European airlines are quickly warming to the idea that they’ll soon have the option to equip short- and medium-haul aircraft operating within the continent with terrestrial-based inflight connectivity, when Inmarsat rolls out its hybrid air-to-ground (ATG)/S-band offering. British Airways was the first carrier to express plans for fitting aircraft with this solution, and now Lufthansa has signaled its intent as well, after issuing a request for proposals last year.
Though a timeframe for equipage of “terrestrially-supported” inflight Wi-Fi is still unclear, Lufthansa VP of the Americas Jurgen Siebenrock assures, “It is planned and decided and being rolled out.”
Speaking more broadly about seeing connectivity as a necessity, Siebenrock adds, “I think, looking at what’s happening in the US with Wi-Fi and on other airlines, sooner or later you have to offer something like that. It’s just part of the offering. Commercially, I think there is a lot of opportunity there, you can do a lot of other things [operationally]. To be competitive you need Wi-Fi.”
Siebenrock says Lufthansa is happy with the Ku-band satellite-supported inflight connectivity service it gets from Panasonic Avionics on its long-haul fleet. “We’re happy with the service you get; you will always find one or the other glitch, but overall it works well. My highlight was, last year during the World Cup, I saw a match live, in-flight, when Germany played somebody.”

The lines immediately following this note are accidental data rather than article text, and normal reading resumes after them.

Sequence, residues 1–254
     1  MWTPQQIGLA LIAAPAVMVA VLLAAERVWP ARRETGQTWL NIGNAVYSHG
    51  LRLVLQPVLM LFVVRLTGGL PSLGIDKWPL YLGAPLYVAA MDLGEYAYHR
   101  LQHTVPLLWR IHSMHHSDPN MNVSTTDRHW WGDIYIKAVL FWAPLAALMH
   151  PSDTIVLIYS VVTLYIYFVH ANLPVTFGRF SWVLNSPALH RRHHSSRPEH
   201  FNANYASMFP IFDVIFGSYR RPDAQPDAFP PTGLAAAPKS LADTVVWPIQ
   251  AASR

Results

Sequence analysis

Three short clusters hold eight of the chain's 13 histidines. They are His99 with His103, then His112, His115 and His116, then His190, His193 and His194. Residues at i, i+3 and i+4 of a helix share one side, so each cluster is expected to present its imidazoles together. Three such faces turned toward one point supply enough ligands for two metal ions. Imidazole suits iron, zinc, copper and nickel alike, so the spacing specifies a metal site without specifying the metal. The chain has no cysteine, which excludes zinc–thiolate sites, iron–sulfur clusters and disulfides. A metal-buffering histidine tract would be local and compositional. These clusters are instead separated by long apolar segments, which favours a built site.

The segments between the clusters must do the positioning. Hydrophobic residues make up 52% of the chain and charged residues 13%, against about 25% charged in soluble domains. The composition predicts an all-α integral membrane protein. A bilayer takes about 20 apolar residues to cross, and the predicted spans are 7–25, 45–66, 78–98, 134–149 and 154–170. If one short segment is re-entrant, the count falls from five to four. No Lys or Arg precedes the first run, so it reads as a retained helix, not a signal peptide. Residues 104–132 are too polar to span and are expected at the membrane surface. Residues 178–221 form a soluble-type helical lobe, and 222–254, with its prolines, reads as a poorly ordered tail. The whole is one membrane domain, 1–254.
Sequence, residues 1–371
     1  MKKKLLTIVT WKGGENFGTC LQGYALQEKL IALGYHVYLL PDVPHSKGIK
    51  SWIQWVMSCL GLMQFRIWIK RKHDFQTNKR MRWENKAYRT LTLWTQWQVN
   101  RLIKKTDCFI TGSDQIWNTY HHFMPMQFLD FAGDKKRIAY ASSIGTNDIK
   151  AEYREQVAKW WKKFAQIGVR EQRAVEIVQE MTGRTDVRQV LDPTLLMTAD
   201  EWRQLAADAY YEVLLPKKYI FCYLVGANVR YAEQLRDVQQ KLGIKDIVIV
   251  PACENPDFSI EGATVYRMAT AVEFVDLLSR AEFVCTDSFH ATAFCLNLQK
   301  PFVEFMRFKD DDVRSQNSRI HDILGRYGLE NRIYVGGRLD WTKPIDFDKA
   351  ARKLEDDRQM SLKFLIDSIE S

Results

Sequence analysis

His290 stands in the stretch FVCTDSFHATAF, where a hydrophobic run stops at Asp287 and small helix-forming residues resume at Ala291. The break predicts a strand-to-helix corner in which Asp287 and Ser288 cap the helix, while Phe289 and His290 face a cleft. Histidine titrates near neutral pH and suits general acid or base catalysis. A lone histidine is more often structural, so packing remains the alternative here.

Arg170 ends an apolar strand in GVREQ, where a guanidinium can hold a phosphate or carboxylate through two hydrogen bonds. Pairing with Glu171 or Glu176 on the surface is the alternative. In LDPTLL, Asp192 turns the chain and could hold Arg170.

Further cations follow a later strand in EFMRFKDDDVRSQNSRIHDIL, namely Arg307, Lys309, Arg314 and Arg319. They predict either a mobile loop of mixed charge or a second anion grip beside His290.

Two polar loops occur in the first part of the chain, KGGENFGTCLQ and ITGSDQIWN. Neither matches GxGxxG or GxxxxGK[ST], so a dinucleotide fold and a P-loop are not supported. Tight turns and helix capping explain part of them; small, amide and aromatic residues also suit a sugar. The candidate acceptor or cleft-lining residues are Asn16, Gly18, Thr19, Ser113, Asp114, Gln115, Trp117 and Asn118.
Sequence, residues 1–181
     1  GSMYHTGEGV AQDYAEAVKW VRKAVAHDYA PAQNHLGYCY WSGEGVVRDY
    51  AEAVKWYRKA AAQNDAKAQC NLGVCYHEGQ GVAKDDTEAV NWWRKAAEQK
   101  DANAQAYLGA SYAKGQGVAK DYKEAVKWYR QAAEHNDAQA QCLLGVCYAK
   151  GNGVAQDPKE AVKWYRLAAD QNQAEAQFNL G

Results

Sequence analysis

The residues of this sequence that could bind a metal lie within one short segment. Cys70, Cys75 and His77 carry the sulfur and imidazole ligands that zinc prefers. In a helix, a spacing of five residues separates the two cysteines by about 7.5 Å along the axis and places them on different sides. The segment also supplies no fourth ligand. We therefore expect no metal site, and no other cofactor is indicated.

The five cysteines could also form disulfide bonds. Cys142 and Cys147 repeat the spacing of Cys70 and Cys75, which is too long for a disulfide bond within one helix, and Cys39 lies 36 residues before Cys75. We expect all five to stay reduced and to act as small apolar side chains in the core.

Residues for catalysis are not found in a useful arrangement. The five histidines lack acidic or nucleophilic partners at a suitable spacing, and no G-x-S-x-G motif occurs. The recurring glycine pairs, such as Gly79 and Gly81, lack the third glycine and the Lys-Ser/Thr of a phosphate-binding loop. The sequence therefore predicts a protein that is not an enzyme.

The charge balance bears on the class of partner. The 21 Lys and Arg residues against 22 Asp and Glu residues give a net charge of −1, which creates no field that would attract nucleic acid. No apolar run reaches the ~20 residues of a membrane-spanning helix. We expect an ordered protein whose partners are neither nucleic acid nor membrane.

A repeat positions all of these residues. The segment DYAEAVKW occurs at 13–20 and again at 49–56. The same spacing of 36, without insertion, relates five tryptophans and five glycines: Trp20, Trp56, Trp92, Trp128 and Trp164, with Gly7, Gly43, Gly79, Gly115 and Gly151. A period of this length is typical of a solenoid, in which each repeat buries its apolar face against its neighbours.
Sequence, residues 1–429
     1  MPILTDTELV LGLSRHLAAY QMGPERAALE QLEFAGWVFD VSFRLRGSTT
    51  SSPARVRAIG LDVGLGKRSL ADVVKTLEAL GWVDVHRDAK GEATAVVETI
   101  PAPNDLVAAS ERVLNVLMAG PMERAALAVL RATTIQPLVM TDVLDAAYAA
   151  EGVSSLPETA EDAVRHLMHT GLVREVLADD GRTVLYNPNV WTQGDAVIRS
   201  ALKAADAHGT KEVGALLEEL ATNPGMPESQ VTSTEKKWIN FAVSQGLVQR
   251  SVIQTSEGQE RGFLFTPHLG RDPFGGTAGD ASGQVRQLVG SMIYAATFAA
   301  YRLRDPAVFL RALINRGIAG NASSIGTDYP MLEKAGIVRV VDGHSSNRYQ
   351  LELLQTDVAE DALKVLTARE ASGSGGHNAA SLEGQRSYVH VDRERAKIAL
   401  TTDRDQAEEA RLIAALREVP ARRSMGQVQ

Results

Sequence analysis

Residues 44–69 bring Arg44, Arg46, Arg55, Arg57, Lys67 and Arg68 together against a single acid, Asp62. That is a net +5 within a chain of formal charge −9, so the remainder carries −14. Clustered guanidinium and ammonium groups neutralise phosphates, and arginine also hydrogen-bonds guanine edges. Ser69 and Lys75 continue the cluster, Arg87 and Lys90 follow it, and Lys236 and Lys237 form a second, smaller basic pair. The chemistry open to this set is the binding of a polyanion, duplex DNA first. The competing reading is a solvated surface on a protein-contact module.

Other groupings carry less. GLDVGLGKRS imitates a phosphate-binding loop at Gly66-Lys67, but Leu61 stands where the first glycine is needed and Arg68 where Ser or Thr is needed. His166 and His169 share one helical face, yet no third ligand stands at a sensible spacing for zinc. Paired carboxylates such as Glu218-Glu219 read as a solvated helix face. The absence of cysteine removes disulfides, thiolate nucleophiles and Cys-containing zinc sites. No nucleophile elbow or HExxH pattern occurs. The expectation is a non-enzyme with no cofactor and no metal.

Though a satellite operator “with ‘sat’ in our name”, Inmarsat Aviation president Leo Mondale tells RGN, “Deep down we do technology assessment and analysis and we try to do the appropriate technology for the mission in the market. And what you learn focusing on the aviation requirement is that if you have a certain traffic density and you have enough spectrum, air-to-ground outperforms satellite. If you’ve got a lot of airplanes together around hubs, or in heavy route areas, satellite can only get so much energy into so small an area. It took a degree of soul searching there that was not trivial but the facts are the facts.”
Asked if any provisions are being made to ensure carriers in Ireland and England can offer continuous ATG/S-band connectivity from their respective countries to continental Europe (buoys in the ocean, anyone?), an Inmarsat spokesman says, “All we can say at the moment is it will consist of a satellite network complemented by ground components.”
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Additional reporting by Mary Kirby